CPS Calls for Moratorium on High-Stakes Testing, State Grants to Develop Better Alternatives

Calling for a moratorium on the high-stakes uses of standardized testing in our public schools, Citizens for Public Schools members and allies testified today at a State House hearing in support of bills that would also require development of alternative assessments and other crucial reforms to improve assessments.

Educators, parents, a student and others detailed the increasingly harmful consequences of our overuse and misuse of standardized testing, and the urgent need to pause the current testing regime to develop alternative approaches to educational assessment and accountability to improve our children’s education. All the speakers emphasized that the current system has failed to reduce disparities based on race, income, disability and language.

CPS supports five bills considered at today’s hearing (see below). Collectively, they would impose a three-year moratorium on the high-stakes uses of standardized test results, establish a grant program to develop alternatives to high-stakes standardized testing, inform parents about their rights to opt out, allow local districts to determine graduation requirements, and make other improvements.

CPS organized two panels of speakers, including the following:

Jack Schneider, Assistant Professor of Education at University of Massachusetts Lowell, said, “Standardized tests are good at measuring family income, race and parental education but do not measure the really important things good schools do. He said alternative models like [the Massachusetts Consortium for Innovative Education Assessment] MCIEA can inform positive changes to the existing accountability system.”

Annabelle Schneider described what it feels like when MCAS is overemphasized.

Schneider’s daughter Annabelle also spoke about what it feels like when so much time and emphasis is put on the MCAS, making it seem much more important than it actually is.

Lisa Guisbond, CPS Executive Director, said, “Decades of chasing higher test scores have not addressed basic issues of inequality and racial injustice, inside and outside our classrooms. That’s why high stakes testing policies like high school exit exams are an endangered species. Massachusetts is one of just 11 states clinging to this outmoded policy.”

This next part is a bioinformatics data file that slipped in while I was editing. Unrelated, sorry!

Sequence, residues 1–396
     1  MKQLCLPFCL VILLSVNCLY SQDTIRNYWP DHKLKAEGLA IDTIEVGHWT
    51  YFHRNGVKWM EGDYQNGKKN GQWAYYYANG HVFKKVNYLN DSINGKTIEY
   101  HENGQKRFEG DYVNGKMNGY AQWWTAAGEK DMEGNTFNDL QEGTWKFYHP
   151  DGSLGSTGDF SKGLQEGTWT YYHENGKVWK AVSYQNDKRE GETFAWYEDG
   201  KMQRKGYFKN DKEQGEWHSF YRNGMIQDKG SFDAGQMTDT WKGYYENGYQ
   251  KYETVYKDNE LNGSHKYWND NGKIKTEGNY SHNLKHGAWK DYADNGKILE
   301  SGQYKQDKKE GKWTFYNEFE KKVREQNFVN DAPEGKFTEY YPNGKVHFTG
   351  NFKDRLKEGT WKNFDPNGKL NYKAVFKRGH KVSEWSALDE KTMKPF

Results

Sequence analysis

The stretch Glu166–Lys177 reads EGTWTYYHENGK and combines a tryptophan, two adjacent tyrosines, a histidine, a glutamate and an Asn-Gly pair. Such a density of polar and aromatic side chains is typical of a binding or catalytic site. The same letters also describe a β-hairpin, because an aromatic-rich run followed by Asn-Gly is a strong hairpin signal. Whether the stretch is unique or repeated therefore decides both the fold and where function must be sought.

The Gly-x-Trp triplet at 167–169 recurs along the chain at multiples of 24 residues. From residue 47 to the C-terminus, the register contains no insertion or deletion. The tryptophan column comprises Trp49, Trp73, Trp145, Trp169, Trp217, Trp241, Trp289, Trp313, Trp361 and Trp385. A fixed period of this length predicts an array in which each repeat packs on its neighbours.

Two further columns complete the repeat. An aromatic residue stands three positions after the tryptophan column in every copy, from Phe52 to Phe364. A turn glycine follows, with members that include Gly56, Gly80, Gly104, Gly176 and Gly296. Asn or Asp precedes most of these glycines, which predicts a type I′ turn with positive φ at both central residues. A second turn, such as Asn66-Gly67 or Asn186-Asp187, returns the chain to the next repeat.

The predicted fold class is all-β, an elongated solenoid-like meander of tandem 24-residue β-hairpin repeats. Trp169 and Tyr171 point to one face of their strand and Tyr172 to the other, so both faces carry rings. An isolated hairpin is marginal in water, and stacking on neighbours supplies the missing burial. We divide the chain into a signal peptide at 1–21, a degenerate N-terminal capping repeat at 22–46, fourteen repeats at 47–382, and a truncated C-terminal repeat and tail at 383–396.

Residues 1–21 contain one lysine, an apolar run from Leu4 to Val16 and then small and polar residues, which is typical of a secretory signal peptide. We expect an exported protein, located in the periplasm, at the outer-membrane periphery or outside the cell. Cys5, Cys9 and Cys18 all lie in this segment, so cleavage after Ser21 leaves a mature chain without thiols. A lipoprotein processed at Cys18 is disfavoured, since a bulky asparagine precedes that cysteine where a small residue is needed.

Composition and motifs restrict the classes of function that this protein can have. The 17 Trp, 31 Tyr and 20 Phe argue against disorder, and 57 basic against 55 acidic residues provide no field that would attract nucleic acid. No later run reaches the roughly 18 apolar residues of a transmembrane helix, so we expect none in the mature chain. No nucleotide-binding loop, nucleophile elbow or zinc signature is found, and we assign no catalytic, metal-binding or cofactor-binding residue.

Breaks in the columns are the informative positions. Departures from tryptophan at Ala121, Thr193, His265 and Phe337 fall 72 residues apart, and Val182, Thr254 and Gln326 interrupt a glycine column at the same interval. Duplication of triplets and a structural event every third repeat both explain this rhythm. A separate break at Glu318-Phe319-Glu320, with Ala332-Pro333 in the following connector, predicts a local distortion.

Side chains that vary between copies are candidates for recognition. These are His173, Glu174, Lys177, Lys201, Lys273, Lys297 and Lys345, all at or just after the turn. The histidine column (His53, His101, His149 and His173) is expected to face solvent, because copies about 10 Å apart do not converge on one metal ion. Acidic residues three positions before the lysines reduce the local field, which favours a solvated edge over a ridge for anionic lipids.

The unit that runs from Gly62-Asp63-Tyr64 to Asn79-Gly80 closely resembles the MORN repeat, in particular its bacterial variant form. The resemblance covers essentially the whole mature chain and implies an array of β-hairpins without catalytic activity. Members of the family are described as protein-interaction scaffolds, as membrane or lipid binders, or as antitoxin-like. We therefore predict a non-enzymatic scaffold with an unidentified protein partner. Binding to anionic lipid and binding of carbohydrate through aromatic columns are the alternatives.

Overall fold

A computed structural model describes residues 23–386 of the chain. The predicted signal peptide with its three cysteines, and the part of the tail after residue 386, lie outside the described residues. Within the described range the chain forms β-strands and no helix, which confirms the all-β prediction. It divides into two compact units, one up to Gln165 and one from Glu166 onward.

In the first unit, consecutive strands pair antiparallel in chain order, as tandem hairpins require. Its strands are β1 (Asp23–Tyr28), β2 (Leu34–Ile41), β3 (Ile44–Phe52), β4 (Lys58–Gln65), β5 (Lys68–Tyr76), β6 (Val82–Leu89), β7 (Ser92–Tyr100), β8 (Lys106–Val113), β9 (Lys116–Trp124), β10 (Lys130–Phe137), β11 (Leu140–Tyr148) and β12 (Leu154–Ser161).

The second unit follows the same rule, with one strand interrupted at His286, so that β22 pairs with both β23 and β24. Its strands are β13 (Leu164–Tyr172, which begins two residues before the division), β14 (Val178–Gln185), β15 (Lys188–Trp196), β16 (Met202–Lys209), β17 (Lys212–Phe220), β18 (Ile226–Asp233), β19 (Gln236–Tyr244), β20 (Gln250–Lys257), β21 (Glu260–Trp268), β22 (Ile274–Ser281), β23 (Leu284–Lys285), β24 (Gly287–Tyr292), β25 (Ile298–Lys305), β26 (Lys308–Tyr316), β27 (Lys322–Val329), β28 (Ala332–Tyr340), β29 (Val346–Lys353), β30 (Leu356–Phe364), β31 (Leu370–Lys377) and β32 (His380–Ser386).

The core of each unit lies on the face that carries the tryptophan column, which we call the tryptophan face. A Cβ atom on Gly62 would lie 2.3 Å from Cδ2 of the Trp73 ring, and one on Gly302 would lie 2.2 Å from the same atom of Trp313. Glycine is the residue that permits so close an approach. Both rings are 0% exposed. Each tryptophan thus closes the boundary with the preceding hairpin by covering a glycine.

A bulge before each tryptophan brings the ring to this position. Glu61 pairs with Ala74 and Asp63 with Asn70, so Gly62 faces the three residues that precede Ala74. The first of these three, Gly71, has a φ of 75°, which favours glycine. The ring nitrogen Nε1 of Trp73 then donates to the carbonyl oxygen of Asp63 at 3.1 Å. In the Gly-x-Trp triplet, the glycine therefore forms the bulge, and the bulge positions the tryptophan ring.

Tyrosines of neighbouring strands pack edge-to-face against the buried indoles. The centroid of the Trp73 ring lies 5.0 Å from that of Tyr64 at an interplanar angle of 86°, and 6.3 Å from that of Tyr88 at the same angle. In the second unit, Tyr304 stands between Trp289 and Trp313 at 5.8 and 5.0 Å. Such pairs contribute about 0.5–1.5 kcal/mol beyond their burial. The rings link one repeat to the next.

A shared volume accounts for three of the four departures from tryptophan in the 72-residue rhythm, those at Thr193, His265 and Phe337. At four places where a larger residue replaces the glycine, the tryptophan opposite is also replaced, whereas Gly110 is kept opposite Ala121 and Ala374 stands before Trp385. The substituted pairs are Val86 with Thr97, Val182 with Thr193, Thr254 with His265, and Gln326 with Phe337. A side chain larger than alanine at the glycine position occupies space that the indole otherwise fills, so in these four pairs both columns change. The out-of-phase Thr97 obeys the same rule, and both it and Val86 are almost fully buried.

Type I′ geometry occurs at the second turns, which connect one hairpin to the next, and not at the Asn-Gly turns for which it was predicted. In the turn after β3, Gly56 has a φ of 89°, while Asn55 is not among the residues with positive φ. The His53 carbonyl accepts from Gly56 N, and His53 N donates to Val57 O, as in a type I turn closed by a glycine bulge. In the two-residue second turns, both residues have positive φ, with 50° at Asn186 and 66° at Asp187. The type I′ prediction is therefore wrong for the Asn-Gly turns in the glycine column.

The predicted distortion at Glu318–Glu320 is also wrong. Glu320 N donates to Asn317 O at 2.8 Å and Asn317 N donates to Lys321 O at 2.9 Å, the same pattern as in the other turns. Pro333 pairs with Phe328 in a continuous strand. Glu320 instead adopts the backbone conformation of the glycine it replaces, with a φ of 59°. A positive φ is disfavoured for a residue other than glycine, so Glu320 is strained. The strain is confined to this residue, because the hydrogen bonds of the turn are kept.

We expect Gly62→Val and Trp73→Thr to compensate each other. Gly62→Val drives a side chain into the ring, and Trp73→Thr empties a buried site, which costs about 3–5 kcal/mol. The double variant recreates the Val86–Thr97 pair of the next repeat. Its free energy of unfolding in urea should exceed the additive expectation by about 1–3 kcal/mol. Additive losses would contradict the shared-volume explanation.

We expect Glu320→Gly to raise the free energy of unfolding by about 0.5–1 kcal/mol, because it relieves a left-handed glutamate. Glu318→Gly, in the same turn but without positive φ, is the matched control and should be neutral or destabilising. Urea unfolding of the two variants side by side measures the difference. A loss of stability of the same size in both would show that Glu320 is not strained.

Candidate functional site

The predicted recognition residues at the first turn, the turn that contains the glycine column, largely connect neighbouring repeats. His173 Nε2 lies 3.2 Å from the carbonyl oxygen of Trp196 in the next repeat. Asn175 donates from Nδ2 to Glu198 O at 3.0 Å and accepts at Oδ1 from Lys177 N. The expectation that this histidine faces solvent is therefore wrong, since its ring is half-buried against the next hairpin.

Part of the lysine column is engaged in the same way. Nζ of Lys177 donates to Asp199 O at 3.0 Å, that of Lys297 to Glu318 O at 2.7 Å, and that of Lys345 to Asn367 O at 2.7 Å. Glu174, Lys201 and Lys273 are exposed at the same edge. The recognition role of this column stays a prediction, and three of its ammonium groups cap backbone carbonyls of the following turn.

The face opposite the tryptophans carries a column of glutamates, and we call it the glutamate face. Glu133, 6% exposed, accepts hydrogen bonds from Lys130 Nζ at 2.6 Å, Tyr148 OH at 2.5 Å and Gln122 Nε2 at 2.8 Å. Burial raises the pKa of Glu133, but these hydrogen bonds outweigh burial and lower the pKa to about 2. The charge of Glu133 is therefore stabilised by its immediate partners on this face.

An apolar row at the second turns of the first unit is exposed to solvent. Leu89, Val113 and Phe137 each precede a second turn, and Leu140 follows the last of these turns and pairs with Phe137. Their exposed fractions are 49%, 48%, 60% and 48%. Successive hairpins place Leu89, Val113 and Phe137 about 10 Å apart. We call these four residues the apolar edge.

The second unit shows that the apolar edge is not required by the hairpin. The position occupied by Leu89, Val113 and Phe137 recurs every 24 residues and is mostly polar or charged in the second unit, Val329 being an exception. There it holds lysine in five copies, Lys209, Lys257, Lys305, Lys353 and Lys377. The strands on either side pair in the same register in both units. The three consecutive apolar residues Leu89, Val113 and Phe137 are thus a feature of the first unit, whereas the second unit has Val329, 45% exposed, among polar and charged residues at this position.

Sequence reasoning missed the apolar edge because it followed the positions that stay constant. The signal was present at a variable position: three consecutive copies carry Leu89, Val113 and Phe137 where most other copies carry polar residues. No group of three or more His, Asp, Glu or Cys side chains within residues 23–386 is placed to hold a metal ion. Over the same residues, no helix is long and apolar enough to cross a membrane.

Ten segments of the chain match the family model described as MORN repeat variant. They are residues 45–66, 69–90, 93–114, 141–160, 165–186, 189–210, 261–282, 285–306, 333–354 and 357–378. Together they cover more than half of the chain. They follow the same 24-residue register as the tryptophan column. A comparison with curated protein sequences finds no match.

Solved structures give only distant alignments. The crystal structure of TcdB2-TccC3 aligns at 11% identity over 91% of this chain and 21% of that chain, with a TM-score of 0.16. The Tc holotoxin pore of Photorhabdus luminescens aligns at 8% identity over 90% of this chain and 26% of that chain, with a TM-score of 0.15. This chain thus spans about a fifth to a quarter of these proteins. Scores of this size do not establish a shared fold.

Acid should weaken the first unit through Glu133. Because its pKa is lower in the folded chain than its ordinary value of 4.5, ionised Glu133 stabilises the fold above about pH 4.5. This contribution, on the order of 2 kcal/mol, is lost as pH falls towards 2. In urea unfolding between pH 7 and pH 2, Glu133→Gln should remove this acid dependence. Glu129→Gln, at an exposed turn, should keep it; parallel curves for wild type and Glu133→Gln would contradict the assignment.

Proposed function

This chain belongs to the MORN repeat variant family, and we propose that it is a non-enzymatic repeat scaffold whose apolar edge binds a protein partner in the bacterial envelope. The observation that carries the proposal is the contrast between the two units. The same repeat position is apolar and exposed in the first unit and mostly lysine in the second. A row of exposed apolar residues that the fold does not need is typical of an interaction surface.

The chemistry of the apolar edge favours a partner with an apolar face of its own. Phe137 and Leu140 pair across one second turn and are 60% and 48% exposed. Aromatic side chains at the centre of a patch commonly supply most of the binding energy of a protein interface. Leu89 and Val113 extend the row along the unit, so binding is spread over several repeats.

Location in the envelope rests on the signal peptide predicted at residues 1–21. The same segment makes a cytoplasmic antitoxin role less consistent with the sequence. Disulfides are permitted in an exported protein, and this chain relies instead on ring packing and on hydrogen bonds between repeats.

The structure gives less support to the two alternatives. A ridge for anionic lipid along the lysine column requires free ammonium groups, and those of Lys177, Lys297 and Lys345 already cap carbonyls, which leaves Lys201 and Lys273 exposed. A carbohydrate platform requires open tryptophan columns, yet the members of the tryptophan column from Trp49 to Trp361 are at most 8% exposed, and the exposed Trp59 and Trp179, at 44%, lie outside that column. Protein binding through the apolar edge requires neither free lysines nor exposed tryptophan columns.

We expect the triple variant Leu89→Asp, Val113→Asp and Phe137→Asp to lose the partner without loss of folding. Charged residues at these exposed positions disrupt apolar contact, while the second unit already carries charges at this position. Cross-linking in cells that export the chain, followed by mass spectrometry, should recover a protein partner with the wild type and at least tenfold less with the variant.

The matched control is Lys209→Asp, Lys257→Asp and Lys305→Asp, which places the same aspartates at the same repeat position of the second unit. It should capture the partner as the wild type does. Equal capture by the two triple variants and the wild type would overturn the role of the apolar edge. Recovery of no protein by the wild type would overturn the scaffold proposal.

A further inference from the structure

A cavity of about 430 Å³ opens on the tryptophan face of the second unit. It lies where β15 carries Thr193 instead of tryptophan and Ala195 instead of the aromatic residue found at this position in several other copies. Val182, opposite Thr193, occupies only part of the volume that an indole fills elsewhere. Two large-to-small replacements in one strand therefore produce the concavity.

Deborah McCarthy, a Hull teacher and President of the Hull Teachers Association, said, “You have before you the opportunity to use your power and privilege to make assessments about our students, to make assessments about enhancing ALL school communities, and to make assessments about individual students thriving and maximizing their potential. The research is irrefutable. Our system is broken, and it has created a two-tiered system of educational privilege. It is time to use your power and privilege to fix this ‘Testing Charade.’”

Ryan T. Debin, a parent from Sherborn and CEO of Momentum Enterprises, represented the Association of Business Leaders for Education (ABLE). Debin presented an excerpt from their statement on high-stakes testing: “…the state accountability system’s overreliance on test scores to measure student achievement and judge school quality has undermined efforts to provide a broad range of learning experiences. It has blocked the promotion of students’ innovation, creativity, problem solving, collaboration, communication, critical thinking and subject-matter knowledge, skills that are essential for students to thrive in an increasingly global and constantly shifting economy.”

Left to right, Ryan Debin, Lisa Guisbond, Deborah McCarthy and Annabelle Schneider testified before the Joint Education Committee Monday, June 17.

Andre Green, Executive Director of FairTest and a member of the Somerville School Committee, said, “Whatever role standardized tests have played in illustrating the systemic inequities in our education system, they have done nothing to address them.” He continued, “This is why there’s a bipartisan consensus to reduce the punitive stakes of standardized testing.”

Monty Neill, a CPS Board Member and former Executive Director of the National Center for Fair & Open Testing,said, “The Commonwealth needs a very different set of tools for determining student competence and evaluating school quality. It needs a very different approach toward accountability, one rooted in adequate funding and true support, rather than the current test-and-punish approach.”

Doug Selwyn, a former K-12 teacher and professor of education, said, “There is no evidence that the tests lead to children receiving a better education. NONE. The government keeps insisting that we need data-based decision making, but ignores its own data that show the testing policy is a failure.”

Carol Savage, a Winchester parent, MBA, and CPS Board member, reflected on the impact MCAS tests had on her children’s school, saying, “Looking back on it, our elementary school environment gradually went from one alive with collaboration, innovation and teacher creativity, to becoming more focused on prepping for fill in the bubble tests. We stressed about keeping our kids and our school’s MCAS scores high…But I realize now that not only was it the wrong message to send our children, but what it was measuring was really our demographics and our fluency in the English language.” Savage added “one size fits all“ high stakes tests are unfair, penalizing students with language or learning differences and disadvantaged students, leaving their “districts in a constant state of disruption.”  She added that Winchester’s participation in MCIEA is “bringing excitement back” to learning and urged the committee to pause high stakes testing and improve assessments “so all students receive the best educational experience.”

Read more about CPS’s priority education legislation here.

Read the full testimony from the CPS-invited panelists here.